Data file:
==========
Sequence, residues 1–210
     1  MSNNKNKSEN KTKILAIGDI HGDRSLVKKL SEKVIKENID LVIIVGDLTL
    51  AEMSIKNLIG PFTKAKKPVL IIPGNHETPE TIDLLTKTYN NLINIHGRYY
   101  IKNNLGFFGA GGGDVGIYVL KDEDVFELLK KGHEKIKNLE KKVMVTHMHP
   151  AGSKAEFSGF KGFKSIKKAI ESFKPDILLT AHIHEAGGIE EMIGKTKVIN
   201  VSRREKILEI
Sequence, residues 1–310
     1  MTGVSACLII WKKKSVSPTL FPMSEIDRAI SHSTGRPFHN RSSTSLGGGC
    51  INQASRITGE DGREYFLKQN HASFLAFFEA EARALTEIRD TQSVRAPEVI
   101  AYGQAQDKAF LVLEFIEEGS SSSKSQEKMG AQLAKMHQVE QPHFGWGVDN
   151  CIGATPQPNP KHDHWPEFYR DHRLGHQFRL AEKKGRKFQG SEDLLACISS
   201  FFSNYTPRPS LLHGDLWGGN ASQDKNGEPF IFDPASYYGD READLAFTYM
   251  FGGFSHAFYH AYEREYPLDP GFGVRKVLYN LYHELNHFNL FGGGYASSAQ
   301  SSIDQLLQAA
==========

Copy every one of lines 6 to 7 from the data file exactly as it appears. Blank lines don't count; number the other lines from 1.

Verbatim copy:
   201  VSRREKILEI
Sequence, residues 1–310